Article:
Germany's interior minister will back plans to ban the burka as part of a raft of anti-terror measures, local media say.
Thomas de Maiziere also proposes deporting criminals more quickly and relaxing doctor confidentiality rules.
He is due to announce some ideas on Thursday, and back some ideas from ministers in his party next week.
There have been repeated attacks in German cities recently, some of them related to Islamist terror.
In July, an axe-wielding teenager from Afghanistan injured five people on a train in Wuerzburg before he was shot dead by police.
The same month, a failed asylum seeker from Syria killed himself and injured 15 people when he set off a bomb outside a music festival in Ansbach.
Both attacks were claimed by the so-called Islamic State group.
The burka is a strict Muslim veil for women that covers the full head and body. Not many people in Germany wear it.
The country has very few restrictions on people's dress. A committee of the government issued a report in 2012 saying it would be unconstitutional to ban the full burka or the niqab facial veil.
But there are some exceptions. For instance, it is illegal to cover your face in a football stadium in Germany.
Burka bans exist in other parts of Europe, notably France, Belgium and some towns in Italy.
In Germany, doctors who breach patient confidentiality can face up to a year in prison or be forced to pay a fine.
But under Mr de Maiziere's proposed changes, they would have to inform the authorities if they became suspicious that a patient was planning to harm other people.
The proposals have drawn sharp criticism from across the political left and from doctors.
Frank Ulrich Montgomery, the head of the German Medical Association, said: "Patient confidentiality protects patients' privacy and is a basic right under the constitution.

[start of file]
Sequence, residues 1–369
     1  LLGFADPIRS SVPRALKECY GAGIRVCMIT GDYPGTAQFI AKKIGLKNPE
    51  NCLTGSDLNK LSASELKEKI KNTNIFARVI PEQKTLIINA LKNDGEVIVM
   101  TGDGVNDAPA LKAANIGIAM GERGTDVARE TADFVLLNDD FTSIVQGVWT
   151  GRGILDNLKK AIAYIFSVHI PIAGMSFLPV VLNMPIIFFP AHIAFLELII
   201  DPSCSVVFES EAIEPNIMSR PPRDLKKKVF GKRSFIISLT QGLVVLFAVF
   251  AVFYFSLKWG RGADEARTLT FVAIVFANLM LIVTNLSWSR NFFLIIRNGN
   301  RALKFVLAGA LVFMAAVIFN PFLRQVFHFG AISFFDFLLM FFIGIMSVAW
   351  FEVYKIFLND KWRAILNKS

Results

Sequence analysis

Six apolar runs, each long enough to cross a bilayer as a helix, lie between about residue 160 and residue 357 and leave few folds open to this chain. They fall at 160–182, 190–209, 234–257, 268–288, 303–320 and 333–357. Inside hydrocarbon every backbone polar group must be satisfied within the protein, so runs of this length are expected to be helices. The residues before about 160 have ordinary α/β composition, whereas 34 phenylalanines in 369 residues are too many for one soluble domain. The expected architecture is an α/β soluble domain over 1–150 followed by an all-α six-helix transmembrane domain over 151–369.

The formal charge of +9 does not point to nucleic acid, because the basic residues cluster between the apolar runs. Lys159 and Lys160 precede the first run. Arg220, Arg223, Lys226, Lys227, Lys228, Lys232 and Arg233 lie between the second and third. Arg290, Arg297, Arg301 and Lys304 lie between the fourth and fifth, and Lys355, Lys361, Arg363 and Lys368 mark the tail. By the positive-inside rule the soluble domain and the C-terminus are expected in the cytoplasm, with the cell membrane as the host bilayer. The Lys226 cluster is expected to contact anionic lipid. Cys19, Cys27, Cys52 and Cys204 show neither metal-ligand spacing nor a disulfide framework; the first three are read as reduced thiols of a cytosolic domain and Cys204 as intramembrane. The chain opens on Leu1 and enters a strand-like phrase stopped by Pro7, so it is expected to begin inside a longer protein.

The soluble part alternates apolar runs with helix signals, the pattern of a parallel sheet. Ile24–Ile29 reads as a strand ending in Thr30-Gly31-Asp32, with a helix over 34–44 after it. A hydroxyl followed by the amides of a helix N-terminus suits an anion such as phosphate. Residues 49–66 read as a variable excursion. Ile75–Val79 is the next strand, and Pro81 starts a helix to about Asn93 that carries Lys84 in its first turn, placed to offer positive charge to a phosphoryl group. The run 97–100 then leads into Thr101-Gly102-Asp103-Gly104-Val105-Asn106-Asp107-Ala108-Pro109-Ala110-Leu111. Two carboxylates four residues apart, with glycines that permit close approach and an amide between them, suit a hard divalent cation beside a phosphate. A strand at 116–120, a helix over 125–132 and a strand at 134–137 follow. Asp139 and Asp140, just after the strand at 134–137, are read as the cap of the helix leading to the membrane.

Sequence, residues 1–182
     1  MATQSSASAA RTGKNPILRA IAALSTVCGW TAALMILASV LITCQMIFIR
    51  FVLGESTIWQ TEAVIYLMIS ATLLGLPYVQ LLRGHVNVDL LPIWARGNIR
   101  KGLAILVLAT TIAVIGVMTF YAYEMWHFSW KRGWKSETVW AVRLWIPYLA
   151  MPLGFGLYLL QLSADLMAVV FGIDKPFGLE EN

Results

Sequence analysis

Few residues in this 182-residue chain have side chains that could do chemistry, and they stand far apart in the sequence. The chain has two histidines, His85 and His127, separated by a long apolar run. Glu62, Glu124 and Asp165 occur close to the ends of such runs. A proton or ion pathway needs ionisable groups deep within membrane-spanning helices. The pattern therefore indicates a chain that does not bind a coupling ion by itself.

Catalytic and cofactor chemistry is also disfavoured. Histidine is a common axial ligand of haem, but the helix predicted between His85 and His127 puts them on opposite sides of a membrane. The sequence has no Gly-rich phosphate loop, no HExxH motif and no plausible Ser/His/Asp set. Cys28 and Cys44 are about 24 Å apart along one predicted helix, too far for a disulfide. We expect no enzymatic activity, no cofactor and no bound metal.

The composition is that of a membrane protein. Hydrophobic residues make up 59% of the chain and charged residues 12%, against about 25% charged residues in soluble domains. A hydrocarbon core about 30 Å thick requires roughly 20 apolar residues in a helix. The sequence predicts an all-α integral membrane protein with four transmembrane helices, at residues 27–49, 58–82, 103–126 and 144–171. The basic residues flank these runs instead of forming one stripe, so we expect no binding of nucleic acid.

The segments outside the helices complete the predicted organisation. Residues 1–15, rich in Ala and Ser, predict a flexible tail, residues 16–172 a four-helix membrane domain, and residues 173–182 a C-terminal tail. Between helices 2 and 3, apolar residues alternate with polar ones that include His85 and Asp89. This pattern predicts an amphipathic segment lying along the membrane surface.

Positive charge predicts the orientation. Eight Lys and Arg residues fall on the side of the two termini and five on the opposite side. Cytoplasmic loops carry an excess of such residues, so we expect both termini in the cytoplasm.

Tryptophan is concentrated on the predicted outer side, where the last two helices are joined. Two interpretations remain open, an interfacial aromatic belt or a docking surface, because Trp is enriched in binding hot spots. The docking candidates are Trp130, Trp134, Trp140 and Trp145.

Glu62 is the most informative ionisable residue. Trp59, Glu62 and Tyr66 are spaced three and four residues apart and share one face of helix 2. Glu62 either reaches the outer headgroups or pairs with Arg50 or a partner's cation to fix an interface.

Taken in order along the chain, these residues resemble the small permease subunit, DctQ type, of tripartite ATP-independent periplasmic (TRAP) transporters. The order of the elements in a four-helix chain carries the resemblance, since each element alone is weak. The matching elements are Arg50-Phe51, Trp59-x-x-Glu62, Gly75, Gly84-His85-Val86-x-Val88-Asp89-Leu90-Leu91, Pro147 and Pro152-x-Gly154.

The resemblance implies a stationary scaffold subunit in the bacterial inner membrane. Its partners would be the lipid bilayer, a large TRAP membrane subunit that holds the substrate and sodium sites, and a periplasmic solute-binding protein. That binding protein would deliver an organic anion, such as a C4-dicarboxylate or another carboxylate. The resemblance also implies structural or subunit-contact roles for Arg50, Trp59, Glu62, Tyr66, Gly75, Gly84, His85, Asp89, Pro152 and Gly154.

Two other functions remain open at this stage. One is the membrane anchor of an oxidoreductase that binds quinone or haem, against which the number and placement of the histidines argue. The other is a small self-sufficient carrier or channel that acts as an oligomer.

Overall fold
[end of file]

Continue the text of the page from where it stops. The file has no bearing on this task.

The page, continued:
"The tense domestic security situation must not tempt us into rash political and legal measures.''
On Thursday, Mr de Maiziere is expected to announce the plans for speeding up the deportation process, making being a "threat to public security" grounds for deporting migrants, and relaxing doctors' confidentiality obligations.
Next week, he is expected to back a series of measures being considered by a grouping of German states' interior ministers from within his own Christian Democrat party and its Bavarian sister party.
The ministers propose:
• banning the burka
• stopping German people from being allowed to hold dual nationality
• recruiting 15,000 more police officers by 2020
• posting more police on trains and in transport hubs
• making it more difficult for extremist organisations to finance mosques
• deporting foreign hate preachers
German law requires non-EU citizens to give up their existing nationality when applying for German citizenship.
Mr de Maiziere says the terror threat to Germany is high. "We live in difficult times," he said on Wednesday.
Germany's Chancellor Angela Merkel, a fellow Christian Democrat, has previously said information sharing should be ramped up in the wake of the attacks on Germany this summer.